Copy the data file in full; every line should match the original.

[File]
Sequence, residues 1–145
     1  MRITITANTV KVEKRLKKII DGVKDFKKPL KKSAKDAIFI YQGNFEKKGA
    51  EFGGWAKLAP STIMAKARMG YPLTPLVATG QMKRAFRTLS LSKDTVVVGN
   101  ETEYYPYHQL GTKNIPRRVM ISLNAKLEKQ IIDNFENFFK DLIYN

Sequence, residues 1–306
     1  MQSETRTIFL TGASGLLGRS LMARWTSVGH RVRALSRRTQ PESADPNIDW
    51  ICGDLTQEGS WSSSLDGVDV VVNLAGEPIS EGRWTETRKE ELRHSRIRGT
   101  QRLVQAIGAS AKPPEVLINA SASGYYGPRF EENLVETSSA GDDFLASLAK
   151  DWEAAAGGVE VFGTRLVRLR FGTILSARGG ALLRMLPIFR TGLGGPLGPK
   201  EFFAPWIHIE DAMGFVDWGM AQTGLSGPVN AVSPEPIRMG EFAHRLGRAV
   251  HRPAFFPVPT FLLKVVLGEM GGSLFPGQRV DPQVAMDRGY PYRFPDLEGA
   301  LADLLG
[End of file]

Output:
Sequence, residues 1–145
     1  MRITITANTV KVEKRLKKII DGVKDFKKPL KKSAKDAIFI YQGNFEKKGA
    51  EFGGWAKLAP STIMAKARMG YPLTPLVATG QMKRAFRTLS LSKDTVVVGN
   101  ETEYYPYHQL GTKNIPRRVM ISLNAKLEKQ IIDNFENFFK DLIYN

Sequence, residues 1–306
     1  MQSETRTIFL TGASGLLGRS LMARWTSVGH RVRALSRRTQ PESADPNIDW
    51  ICGDLTQEGS WSSSLDGVDV VVNLAGEPIS EGRWTETRKE ELRHSRIRGT
   101  QRLVQAIGAS AKPPEVLINA SASGYYGPRF EENLVETSSA GDDFLASLAK
   151  DWEAAAGGVE VFGTRLVRLR FGTILSARGG ALLRMLPIFR TGLGGPLGPK
   201  EFFAPWIHIE DAMGFVDWGM AQTGLSGPVN AVSPEPIRMG EFAHRLGRAV
   251  HRPAFFPVPT FLLKVVLGEM GGSLFPGQRV DPQVAMDRGY PYRFPDLEGA
   301  LADLLG